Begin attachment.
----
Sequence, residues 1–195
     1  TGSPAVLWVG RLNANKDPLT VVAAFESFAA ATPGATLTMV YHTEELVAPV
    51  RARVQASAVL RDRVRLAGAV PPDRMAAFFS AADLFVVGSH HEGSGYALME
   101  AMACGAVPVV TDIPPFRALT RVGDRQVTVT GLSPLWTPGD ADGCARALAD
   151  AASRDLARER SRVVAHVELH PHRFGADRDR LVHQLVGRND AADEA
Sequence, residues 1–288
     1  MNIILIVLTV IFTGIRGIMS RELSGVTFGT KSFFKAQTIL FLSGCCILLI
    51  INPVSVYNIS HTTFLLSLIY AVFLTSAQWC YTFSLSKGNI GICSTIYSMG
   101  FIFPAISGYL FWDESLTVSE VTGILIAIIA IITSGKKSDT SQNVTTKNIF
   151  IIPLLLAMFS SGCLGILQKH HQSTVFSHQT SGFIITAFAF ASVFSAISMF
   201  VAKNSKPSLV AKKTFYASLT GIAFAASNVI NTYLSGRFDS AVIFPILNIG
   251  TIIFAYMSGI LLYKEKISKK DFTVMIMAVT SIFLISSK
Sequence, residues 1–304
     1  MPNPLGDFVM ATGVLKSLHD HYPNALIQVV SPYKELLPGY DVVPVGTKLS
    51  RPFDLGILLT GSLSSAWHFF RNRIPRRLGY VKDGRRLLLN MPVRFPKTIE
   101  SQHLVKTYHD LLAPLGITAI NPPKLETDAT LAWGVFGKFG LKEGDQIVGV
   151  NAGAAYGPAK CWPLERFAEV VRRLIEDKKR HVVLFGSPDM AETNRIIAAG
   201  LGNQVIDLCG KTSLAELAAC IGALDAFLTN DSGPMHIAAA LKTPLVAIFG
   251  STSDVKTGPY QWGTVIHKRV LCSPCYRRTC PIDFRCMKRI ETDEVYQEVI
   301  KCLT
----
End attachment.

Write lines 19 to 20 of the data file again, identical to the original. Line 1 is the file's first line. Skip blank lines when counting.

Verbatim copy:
   251  STSDVKTGPY QWGTVIHKRV LCSPCYRRTC PIDFRCMKRI ETDEVYQEVI
   301  KCLT